Employers must meet AE duties amid contribution holiday speculation

James Phillips reports...

The government has said it will “do whatever it takes” to support businesses through the Covid-19 coronavirus crisis, leading to speculation that there could be a short-term change in auto-enrolment (AE) policy.

As businesses grapple with the economic shock caused by the global pandemic, the Treasury has already set out plans to provide additional financial support to some affected firms, including suspending business rates and introducing a loan guarantee scheme.

Now, there have been reports that the government was considering allowing businesses to suspend minimum employer contributions under AE to relieve pressure on payroll.

In a statement to RP’s sister publication Professional Pensions, a cross-government spokesperson said: “The government will do whatever it takes to protect businesses and employers from the effects of coronavirus.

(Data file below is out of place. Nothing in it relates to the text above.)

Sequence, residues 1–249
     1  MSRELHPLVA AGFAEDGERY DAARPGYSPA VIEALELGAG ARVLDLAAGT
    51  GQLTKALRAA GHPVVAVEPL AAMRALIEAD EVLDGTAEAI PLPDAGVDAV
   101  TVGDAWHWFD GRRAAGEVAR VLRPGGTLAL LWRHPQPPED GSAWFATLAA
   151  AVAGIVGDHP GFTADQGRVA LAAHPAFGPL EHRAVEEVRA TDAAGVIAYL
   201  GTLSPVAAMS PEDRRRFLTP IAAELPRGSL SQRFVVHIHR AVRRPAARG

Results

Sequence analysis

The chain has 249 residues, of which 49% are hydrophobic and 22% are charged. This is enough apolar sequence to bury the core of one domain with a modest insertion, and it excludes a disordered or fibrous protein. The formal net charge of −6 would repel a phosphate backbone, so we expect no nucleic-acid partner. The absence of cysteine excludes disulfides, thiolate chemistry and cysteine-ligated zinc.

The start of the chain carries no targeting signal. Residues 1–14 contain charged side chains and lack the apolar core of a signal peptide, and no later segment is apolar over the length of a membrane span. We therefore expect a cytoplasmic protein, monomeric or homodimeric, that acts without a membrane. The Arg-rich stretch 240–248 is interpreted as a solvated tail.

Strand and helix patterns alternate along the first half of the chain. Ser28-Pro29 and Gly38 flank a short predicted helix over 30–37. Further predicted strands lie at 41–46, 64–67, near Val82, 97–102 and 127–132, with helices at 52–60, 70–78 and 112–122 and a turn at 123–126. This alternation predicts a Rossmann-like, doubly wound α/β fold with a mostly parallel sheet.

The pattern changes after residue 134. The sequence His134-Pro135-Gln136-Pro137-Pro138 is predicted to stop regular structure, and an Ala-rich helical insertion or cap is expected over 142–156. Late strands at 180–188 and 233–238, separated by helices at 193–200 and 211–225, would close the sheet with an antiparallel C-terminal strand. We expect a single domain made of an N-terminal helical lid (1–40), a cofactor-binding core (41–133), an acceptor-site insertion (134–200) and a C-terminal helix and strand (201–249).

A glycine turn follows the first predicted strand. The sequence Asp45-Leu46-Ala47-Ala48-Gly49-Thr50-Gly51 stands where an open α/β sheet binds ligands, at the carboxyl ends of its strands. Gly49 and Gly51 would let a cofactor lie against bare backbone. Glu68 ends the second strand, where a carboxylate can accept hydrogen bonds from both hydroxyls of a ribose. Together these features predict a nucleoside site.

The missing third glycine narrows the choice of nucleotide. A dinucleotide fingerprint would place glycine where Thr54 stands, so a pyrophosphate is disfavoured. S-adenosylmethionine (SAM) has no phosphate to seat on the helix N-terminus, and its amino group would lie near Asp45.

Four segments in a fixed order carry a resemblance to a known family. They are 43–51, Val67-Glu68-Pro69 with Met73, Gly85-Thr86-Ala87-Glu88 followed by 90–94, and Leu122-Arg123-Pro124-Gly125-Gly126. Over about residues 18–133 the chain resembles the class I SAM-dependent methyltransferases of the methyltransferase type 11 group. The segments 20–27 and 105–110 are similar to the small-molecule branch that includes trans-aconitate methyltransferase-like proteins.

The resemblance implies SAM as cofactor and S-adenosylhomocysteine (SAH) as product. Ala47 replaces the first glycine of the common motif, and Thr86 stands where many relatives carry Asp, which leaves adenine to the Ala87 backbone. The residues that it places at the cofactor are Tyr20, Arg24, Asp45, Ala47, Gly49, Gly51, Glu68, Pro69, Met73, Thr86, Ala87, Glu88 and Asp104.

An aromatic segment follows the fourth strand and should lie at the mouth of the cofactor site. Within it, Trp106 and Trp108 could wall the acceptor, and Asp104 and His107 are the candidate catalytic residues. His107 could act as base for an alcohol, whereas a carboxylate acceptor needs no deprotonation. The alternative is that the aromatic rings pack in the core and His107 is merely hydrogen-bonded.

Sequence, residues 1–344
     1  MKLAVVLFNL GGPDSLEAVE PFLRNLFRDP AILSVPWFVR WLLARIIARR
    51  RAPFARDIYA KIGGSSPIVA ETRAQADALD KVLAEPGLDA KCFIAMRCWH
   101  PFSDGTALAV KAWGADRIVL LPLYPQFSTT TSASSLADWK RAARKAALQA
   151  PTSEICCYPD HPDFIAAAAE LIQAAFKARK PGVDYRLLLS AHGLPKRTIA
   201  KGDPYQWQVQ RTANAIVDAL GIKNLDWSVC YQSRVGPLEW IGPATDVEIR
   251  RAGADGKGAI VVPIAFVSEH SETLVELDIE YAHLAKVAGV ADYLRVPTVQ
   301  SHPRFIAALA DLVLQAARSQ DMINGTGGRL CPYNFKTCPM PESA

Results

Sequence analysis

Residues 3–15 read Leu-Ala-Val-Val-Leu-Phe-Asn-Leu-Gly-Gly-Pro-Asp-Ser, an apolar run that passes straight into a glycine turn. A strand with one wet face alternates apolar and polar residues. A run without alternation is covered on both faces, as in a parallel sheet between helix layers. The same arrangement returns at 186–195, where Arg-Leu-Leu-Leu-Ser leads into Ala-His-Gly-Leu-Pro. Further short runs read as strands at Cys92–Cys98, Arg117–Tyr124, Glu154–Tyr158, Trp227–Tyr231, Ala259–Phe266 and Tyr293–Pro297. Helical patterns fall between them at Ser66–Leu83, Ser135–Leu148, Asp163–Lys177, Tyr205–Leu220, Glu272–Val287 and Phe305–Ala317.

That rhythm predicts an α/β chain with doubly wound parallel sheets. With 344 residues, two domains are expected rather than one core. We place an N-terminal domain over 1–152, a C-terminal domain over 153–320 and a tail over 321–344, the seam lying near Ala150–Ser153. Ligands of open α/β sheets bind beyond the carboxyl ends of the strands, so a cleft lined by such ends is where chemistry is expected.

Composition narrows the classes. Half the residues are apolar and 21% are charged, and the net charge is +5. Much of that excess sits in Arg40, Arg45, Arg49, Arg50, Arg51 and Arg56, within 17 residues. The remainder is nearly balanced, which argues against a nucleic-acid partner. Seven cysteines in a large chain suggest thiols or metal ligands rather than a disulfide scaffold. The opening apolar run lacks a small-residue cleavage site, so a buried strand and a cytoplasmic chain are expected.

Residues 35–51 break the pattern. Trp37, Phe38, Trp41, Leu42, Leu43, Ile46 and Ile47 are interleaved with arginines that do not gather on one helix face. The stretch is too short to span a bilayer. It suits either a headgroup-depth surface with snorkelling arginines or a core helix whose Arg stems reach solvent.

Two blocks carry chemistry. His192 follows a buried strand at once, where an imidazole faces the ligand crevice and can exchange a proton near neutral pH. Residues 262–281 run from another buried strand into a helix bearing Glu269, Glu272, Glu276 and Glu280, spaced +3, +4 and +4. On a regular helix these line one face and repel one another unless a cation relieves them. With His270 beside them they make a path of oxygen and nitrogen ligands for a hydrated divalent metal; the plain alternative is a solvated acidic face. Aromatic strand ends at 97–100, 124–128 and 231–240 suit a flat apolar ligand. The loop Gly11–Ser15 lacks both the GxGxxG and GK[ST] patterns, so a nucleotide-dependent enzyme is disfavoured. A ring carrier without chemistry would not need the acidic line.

“We recognise the difficulties they face and will help support businesses of all sizes – so they can continue operating during these unprecedented times.”

Similarly, The Pensions Regulator (TPR) said it expected all firms to conform to their pension obligations.

“We expect employers to continue to meet their AE duties towards their staff,” a spokesperson said. “We are closely monitoring the situation in these challenging times and will act in line with government guidelines.

“The government has published information about support for employers, employees, and businesses affected by Covid-19.”

The government is expected to publish a bill this afternoon (19 March) setting out some of its initial responses to the crisis, including measures announced by the chancellor this week.

Another pensions measure that could support businesses include allowing a reduction or deferral in deficit recovery contributions to defined benefit schemes. However, there is currently no suggestion this is under active consideration.

Yesterday, Universities Superannuation Scheme reported itself to TPR after breaching a key funding measure for five consecutive days after market volatility led to a fall in its funding level.